The French designer created the furniture to bring colour and fun to the central London street, while also being a practical addition as the pedestrianised street previously had no public seating.
"I wanted to not only bring some colour to the street but to do something more interactive, more sculptural," Walala told Dezeen.
"I wanted Walala Lounge to be surprising and out there but also comfortable and home-like. And now that the benches are in place, it seems crazy that they weren't there all along."
Built as part of this year's London Design Festival for developer Grosvenor, but set to say in place for a year, the installation consists of 10 sculptural benches and a series of cube-shaped planters.
Each of the pieces, which were designed with Walala's creative producer Julia Jomaa, has been designed as a family of furniture that will bring joy to visitors to the street.
"Cities can be so grey, it can feel really oppressive sometimes. I want to change how it feels to live in a big city, to inject some colour and light into people's days," said Walala.
"It means so much to me when I can make people smile. That's how I feel I can have the most impact on the world. To take what I care about and share it with others."
Constructed from brushed steel and MDF, each of the benches has a geometric form made from a combination of cuboids, cylinders and arches. Although they each have a unique shape, the benches are united by Walala's signature colours and graphics.
"They are all brought together by my use of colour and texture, but also how they sit sculpturally together and with the architecture that surrounds them. They're all in conversation," said Walala.
"It's so difficult to decide [which is my favourite]! I was giving a tour of the benches recently, and I kept saying different benches were my favourite," she continued.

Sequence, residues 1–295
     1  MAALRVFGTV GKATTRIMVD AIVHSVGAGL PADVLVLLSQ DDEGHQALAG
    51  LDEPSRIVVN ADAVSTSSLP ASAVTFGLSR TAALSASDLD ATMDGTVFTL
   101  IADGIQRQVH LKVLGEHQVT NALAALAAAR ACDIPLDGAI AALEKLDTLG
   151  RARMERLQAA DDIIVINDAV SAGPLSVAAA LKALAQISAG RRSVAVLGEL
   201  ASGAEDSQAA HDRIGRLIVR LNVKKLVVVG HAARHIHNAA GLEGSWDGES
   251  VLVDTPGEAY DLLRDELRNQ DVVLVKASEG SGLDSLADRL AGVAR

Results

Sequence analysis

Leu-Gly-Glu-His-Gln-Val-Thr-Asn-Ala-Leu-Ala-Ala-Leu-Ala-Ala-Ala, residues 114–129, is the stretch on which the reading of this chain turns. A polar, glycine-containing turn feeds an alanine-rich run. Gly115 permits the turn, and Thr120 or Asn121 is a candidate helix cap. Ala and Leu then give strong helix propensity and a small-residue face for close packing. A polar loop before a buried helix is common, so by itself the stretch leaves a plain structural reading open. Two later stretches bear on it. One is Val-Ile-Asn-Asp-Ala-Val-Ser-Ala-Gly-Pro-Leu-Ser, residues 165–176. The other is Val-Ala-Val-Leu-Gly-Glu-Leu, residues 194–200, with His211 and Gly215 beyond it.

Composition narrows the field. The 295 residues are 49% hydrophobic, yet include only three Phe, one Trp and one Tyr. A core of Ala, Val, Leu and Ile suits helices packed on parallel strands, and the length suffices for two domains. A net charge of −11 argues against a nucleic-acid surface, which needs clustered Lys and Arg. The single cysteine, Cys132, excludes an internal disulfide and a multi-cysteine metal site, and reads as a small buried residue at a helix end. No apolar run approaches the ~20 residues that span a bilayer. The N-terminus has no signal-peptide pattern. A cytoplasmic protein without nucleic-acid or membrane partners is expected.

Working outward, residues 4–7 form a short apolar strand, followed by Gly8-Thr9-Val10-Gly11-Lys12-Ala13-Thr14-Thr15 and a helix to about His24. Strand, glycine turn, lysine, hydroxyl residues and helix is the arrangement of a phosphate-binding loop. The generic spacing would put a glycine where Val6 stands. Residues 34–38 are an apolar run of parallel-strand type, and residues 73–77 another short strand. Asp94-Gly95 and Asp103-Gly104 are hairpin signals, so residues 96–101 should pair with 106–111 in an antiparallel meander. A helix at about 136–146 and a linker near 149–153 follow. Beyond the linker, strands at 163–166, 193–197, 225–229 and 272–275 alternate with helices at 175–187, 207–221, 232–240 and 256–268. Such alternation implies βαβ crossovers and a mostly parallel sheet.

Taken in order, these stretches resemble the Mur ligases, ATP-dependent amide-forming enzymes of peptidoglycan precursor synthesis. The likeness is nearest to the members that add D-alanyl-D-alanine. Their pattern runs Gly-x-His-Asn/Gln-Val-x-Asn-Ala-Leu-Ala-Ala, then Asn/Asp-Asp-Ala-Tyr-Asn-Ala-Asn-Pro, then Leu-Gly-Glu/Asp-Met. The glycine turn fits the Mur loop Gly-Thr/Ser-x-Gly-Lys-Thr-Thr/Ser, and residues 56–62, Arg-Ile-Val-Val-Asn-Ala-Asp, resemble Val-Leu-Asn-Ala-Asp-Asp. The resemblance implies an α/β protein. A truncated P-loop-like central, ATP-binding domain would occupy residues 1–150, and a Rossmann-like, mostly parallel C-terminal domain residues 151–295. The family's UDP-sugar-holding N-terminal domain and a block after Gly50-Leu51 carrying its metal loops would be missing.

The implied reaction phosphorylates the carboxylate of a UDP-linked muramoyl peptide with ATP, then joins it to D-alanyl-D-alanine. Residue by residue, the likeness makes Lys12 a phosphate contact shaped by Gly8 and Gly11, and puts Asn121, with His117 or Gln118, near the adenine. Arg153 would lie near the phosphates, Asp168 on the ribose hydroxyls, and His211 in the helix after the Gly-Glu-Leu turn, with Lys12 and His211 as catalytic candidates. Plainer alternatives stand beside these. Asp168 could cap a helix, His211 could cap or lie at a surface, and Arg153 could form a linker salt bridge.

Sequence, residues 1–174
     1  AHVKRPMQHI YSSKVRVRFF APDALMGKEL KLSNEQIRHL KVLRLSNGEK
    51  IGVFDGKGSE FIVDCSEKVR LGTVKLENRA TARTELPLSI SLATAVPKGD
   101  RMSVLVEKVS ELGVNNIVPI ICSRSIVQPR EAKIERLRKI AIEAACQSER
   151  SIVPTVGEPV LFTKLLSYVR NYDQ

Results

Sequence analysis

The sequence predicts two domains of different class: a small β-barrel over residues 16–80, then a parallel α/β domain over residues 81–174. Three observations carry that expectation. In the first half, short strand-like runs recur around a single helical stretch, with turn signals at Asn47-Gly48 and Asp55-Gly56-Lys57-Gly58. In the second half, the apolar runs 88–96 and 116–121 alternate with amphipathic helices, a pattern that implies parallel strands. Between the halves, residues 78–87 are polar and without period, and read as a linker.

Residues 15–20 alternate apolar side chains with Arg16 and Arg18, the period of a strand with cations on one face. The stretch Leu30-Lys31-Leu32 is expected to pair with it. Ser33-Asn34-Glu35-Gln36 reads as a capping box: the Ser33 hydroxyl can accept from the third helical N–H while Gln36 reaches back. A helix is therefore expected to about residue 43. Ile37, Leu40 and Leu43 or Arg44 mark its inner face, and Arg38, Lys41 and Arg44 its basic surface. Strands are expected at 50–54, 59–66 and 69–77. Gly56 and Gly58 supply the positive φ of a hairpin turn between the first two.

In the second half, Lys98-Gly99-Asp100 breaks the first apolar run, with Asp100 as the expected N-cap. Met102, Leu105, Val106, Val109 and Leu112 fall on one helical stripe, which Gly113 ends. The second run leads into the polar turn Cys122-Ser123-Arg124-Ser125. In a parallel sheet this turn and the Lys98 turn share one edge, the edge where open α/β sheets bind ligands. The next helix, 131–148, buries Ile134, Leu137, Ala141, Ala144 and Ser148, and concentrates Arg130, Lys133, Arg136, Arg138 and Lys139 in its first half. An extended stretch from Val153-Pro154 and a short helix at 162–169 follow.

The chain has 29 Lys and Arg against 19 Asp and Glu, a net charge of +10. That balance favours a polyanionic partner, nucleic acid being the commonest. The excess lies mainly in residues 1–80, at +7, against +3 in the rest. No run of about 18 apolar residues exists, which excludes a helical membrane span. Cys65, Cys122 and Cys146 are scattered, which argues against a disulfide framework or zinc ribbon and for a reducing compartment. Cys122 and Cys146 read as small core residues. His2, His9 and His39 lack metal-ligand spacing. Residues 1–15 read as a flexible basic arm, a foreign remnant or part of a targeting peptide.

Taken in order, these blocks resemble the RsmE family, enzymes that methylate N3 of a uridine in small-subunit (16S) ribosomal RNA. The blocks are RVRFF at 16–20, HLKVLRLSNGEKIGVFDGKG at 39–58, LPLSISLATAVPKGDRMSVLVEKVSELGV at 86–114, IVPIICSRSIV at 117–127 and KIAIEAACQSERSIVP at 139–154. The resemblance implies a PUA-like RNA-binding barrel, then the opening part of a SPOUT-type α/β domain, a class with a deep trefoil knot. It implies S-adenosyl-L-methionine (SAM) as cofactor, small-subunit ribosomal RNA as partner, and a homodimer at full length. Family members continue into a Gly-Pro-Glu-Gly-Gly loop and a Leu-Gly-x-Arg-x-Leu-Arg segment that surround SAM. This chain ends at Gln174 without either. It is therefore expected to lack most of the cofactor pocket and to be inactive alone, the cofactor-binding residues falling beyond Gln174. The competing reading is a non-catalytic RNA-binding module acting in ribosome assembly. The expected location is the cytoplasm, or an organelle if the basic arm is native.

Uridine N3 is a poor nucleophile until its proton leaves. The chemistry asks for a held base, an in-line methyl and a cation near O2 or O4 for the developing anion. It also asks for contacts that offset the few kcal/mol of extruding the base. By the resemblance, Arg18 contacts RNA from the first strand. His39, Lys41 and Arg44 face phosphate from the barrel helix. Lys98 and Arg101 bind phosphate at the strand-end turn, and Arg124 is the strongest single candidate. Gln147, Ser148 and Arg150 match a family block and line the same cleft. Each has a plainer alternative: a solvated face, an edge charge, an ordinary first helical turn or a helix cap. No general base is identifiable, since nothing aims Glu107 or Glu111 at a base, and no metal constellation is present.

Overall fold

"But one that really stands out for me is the blue zigzagged one, about halfway down the street. When it is photographed it almost looks like it has been drawn into the photograph. I like that interplay between 2D and 3D."
Walala created the colours and patterns through a process of experimentation, until she found combinations that worked for the street-wide installation.
"I work very intuitively through any project. From early collaging and notebooks, to playing with materials and objects in space," she explained.
"Even though something might make sense on an architectural drawing or a computer render, it has to feel right in reality. There are practical challenges too, which I love responding to. A certain architectural detail, or like with South Molton, the sense of space along the street."
Walala established her east London studio in 2009. At previous editions of London Design Festival she has created an inflatable castle and a multicoloured pedestrian crossing in south London. She has also created much large installations, including a 40-metre-high mural in New York.
She believes that when colour and fun are added to cities it can make a big difference to people's experiences.
"The smaller details are always so important. Small changes can build up to something much bigger, but also just a slight tweak can be surprising and therefore very powerful," said Walala.
"It all leads somewhere. But also why do we have to stop at small changes? I want artists and designers to be involved in the city in much bigger ways."
Photography is by Charles Emerson.